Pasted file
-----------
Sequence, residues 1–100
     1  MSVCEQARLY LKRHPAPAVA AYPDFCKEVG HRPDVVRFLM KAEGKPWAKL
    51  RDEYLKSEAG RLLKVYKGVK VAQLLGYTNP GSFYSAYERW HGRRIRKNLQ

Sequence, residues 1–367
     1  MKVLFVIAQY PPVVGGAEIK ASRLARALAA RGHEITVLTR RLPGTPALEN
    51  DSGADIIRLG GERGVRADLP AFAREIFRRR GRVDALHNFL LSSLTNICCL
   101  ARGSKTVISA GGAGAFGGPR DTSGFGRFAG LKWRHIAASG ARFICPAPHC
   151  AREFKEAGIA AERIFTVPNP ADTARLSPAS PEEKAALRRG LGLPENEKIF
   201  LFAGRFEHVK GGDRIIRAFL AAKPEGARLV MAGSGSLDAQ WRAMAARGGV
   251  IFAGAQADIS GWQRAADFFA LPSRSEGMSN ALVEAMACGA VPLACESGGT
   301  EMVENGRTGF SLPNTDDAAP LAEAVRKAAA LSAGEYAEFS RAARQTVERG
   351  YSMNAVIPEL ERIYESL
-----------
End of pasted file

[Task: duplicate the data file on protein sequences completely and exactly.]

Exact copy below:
Sequence, residues 1–100
     1  MSVCEQARLY LKRHPAPAVA AYPDFCKEVG HRPDVVRFLM KAEGKPWAKL
    51  RDEYLKSEAG RLLKVYKGVK VAQLLGYTNP GSFYSAYERW HGRRIRKNLQ

Sequence, residues 1–367
     1  MKVLFVIAQY PPVVGGAEIK ASRLARALAA RGHEITVLTR RLPGTPALEN
    51  DSGADIIRLG GERGVRADLP AFAREIFRRR GRVDALHNFL LSSLTNICCL
   101  ARGSKTVISA GGAGAFGGPR DTSGFGRFAG LKWRHIAASG ARFICPAPHC
   151  AREFKEAGIA AERIFTVPNP ADTARLSPAS PEEKAALRRG LGLPENEKIF
   201  LFAGRFEHVK GGDRIIRAFL AAKPEGARLV MAGSGSLDAQ WRAMAARGGV
   251  IFAGAQADIS GWQRAADFFA LPSRSEGMSN ALVEAMACGA VPLACESGGT
   301  EMVENGRTGF SLPNTDDAAP LAEAVRKAAA LSAGEYAEFS RAARQTVERG
   351  YSMNAVIPEL ERIYESL